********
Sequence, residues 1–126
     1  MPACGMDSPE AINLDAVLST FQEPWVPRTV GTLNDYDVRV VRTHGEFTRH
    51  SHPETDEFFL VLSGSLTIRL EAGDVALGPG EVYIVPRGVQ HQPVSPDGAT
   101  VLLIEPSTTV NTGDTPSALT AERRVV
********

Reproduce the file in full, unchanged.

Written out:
Sequence, residues 1–126
     1  MPACGMDSPE AINLDAVLST FQEPWVPRTV GTLNDYDVRV VRTHGEFTRH
    51  SHPETDEFFL VLSGSLTIRL EAGDVALGPG EVYIVPRGVQ HQPVSPDGAT
   101  VLLIEPSTTV NTGDTPSALT AERRVV